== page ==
DID YOU KNOW: In the year 2019-2020, there were 231 serious workplace electrical injuries and 4 fatal injuries reported to the Health and Safety Executive. There were also more than 15,000 other safety-related electrical incident reported in that period.

What if the electric shock injury was my fault?

It is common for an injured person to think, or even assume, that they were to blame for what happened. However, in many cases that is an incorrect assumption – so even if you believe that the incident was your fault, you should still talk things over with a specialist adviser so that you know where you stand.

And when you do make a claim against your employer, they may come back and argue you were partly to blame for your injuries (or may even deny responsibility completely). However, it is then the employer’s responsibility to prove you were to blame.

There are cases where the employee can be treated partially to blame, for example, you may have been reckless by touching a live wire – even though the employer should have ensured live wires had been made safe before you arrived on shift. In such a scenario, if you are found partly to blame (this is known as ‘contributory negligence’) your employer would probably not have to pay you the full amount of compensation. In that case, the full amount of compensation would be reduced by a proportionate amount to reflect your responsibility for the incident.

So if you think you were partly to blame for your injuries, it is important to raise this with your solicitor as early as you can. It should not stop you making a claim but it could reduce the amount of compensation you receive.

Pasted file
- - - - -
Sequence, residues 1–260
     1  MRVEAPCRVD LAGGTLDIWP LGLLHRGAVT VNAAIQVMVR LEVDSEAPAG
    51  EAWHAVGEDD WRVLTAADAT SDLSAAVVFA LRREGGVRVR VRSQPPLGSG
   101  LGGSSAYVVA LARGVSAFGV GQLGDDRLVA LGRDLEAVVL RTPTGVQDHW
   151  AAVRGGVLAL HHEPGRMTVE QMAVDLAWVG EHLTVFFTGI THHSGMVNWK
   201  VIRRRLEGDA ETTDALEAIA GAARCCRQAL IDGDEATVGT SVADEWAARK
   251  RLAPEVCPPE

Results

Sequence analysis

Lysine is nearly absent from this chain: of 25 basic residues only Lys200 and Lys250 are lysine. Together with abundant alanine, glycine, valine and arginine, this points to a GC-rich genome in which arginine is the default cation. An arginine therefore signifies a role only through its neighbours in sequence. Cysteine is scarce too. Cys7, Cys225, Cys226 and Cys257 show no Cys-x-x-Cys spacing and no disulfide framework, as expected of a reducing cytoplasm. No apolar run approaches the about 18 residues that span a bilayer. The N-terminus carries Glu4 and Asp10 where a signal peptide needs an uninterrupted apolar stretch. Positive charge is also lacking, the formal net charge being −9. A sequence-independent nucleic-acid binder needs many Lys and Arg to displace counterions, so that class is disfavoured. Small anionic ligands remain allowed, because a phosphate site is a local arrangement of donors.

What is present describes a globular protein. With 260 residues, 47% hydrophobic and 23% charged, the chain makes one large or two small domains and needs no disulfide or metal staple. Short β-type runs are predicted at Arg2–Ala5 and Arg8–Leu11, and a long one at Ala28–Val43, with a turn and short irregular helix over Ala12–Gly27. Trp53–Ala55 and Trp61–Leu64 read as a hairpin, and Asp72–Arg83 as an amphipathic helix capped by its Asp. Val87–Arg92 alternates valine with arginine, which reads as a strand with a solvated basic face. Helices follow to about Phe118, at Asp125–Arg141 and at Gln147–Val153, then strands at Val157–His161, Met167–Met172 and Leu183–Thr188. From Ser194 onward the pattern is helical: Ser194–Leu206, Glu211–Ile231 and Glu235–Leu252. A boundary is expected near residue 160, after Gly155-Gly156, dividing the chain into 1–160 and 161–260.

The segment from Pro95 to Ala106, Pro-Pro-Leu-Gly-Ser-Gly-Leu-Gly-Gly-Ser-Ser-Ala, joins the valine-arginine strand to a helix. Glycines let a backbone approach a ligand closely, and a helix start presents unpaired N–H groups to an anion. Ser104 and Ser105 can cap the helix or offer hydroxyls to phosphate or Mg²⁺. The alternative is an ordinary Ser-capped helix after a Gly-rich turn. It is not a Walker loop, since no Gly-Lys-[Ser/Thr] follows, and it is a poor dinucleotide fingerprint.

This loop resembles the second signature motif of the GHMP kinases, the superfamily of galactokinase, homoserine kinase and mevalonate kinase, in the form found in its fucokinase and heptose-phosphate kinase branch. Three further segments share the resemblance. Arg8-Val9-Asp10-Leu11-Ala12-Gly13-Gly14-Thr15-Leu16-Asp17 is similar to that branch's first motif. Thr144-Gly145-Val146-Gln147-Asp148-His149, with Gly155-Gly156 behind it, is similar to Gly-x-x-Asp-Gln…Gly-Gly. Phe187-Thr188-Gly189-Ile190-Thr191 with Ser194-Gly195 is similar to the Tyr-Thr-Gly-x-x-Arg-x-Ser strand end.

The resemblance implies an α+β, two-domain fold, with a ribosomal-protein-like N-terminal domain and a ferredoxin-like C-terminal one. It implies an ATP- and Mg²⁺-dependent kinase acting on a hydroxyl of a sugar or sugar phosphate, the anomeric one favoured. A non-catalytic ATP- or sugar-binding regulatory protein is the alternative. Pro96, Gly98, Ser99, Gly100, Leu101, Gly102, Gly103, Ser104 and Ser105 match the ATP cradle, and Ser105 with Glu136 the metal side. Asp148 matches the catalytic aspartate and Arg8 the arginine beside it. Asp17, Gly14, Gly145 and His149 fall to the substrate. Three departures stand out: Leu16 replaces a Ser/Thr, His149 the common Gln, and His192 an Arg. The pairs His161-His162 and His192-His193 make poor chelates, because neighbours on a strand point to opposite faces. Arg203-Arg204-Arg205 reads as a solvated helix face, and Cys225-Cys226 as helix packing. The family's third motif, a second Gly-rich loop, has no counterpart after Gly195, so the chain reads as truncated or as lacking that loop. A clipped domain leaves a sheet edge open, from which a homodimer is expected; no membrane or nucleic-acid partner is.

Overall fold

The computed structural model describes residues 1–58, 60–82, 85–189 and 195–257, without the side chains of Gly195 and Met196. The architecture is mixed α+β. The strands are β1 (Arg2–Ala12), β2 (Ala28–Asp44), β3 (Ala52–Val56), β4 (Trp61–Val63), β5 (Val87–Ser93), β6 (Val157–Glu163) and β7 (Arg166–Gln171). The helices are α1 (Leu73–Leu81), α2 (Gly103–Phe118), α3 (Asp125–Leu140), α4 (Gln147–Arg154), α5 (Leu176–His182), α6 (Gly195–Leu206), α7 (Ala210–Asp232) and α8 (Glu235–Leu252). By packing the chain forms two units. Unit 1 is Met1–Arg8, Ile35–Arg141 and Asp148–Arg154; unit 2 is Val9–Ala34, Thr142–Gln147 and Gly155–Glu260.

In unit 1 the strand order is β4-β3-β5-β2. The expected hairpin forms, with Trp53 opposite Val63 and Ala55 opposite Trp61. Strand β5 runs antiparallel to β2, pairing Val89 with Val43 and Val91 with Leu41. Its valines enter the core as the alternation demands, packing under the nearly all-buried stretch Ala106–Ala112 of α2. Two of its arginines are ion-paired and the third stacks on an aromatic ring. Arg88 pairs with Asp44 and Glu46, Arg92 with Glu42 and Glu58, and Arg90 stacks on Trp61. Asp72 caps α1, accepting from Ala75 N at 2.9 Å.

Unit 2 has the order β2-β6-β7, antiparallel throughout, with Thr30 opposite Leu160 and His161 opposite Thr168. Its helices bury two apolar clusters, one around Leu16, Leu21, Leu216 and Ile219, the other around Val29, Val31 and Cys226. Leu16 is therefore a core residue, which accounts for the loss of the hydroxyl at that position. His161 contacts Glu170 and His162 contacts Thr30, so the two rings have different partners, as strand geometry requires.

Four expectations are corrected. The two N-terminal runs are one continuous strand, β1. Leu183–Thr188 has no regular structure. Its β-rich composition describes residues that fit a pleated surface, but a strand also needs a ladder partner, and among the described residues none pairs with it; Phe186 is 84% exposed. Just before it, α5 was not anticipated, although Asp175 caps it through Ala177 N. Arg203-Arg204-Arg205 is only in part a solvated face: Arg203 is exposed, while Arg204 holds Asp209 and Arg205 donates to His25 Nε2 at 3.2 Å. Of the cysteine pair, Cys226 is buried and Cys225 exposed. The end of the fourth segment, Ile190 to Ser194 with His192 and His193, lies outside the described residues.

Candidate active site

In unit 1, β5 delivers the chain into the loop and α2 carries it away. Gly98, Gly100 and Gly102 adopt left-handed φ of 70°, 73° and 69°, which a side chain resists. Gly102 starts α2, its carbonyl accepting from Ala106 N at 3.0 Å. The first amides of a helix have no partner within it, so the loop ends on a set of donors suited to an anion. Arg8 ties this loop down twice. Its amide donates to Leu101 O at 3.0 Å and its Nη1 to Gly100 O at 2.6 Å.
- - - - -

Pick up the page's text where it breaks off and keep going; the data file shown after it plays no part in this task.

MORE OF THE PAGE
What are the common causes of electric shock accidents?

There are a number of different ways in which a worker can suffer an electric shock at work. The most common electrical health hazards in the workplace arise out of a failure to ensure safe systems at work and include:

Accidents may be caused by incorrect use of equipment because of poor training, lack of user handbooks, failure to supervise or through carelessness. These scenarios can lead to people inadvertently coming into contact with electrical energy sources causing potential injury.

If the surrounding environment is unsafe, water or other liquids or sparks from other equipment of wiring can come into contact with electrical currents causing electric shock injuries.

Even lower voltage batteries can get hot quickly and are likely to explode if they are shorted out, causing burns. Sadly, higher voltages can cause severe electrocution and serious injuries, and sometimes even death.

One of the wider risks of working with electrical equipment and currents is explosions – even a spark generated from a low voltage can result in an explosion causing serious burns to individuals working within the vicinity.

Electric shock injury claims in the workplace – who can be affected?

Anyone working with or near electrical equipment and/or electrical wiring and cables may be at risk of electric shock or burn injuries. In addition, those working (or visiting premises) in the wider vicinity of an explosive environment, such as vehicle paint spraying or workplaces that deal with fine dusts, such as flour, and chemical factories are also at risk. Even if you’re not working directly with or near electrical equipment, cables and wires you could be at risk of electrical injuries or from injuries resulting from explosions or extreme heat.